For three years, I took weekly AA meetings to a detox center for the homeless and indigent in Kansas City. I met and heard stories from many addicts who had hit deep, deep bottoms, like the ones in the article below. I shared my experience, strength, and hope about recovery with them.
Yet I believe they gave me far more than I gave them. They taught me to love and to value the seemingly unlovable, to see their humanity, that I had far more in common with them than I imagined, and that, “but for the grace of God go I.”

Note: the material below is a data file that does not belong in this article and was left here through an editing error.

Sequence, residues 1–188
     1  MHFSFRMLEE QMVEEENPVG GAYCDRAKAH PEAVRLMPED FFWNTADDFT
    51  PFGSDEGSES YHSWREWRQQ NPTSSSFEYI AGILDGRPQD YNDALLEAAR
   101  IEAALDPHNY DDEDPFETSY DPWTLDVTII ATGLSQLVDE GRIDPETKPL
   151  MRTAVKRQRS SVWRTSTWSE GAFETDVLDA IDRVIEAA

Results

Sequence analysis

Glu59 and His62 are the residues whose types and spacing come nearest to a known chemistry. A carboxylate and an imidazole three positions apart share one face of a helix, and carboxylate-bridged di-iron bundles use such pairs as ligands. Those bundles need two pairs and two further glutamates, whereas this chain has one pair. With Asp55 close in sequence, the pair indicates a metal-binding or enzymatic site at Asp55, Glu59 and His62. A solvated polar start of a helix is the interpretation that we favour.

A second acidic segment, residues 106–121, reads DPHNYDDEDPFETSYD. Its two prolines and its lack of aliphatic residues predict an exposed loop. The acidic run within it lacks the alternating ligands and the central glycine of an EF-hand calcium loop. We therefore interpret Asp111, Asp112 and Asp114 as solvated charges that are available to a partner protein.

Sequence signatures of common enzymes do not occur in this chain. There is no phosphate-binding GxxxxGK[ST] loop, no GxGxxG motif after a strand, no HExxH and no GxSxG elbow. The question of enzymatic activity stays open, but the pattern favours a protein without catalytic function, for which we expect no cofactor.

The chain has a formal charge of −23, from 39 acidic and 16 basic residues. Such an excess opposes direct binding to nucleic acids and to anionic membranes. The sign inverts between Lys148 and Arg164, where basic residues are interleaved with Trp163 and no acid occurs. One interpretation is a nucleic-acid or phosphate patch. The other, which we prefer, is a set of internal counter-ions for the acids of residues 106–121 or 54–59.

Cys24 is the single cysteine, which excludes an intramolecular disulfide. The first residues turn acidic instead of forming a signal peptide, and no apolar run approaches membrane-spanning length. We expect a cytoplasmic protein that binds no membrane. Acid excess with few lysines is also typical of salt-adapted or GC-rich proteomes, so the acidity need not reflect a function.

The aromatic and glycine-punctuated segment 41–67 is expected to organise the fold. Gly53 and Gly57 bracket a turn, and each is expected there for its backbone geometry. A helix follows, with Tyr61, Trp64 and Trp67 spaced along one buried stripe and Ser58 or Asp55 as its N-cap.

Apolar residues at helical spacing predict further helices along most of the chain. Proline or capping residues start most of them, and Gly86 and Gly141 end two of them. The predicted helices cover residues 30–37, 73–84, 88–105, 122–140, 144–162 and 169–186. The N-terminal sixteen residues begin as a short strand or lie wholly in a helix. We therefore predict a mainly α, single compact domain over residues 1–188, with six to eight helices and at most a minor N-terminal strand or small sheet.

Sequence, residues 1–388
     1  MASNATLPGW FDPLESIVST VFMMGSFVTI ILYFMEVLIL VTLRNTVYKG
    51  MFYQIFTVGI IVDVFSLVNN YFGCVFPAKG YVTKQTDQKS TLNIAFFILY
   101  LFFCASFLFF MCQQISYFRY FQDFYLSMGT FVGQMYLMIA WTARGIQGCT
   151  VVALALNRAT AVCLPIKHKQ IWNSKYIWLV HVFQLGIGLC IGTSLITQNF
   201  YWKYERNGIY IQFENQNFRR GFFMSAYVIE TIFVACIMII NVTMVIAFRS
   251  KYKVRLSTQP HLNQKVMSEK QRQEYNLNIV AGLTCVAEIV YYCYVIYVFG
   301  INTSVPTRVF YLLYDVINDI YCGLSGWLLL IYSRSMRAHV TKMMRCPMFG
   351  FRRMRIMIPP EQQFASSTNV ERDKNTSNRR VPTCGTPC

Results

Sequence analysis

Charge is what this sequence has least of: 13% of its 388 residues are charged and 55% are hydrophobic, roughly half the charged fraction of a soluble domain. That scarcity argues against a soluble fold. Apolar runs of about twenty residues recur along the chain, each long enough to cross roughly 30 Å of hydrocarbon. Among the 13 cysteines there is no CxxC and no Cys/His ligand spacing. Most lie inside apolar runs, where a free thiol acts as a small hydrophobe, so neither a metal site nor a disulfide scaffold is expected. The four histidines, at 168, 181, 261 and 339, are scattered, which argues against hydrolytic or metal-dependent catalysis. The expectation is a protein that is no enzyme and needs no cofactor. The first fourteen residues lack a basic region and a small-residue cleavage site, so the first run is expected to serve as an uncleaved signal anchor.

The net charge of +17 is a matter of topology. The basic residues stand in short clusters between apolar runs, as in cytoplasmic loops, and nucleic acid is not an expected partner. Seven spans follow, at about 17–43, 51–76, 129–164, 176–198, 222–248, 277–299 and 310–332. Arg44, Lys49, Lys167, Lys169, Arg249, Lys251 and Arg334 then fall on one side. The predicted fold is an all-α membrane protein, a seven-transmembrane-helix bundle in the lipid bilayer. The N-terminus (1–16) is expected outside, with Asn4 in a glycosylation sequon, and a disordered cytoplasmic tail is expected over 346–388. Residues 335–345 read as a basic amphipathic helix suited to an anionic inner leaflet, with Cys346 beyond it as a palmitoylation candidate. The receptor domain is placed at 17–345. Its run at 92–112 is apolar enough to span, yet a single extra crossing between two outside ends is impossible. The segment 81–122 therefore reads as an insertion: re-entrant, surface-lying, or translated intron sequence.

Trapped by the ‘Walmart of Heroin’
A Philadelphia neighborhood is the largest open-air narcotics market for heroin on the East Coast. Addicts come from all over, and many never leave.
There were already about 30 people in the lot, injecting, defecating and sleeping. One of them, Krista, 30, told me she started using heroin after she was raped in college. She was crouched over a lavender purse cleaning a crack pipe and wore a T-shirt that said “Perfect is Boring.” “If I’m a little further away, I have this nervous feeling that I need to come back to Kensington,” she said. “It’s like a big dysfunctional family. I guess this is the one place I belong.”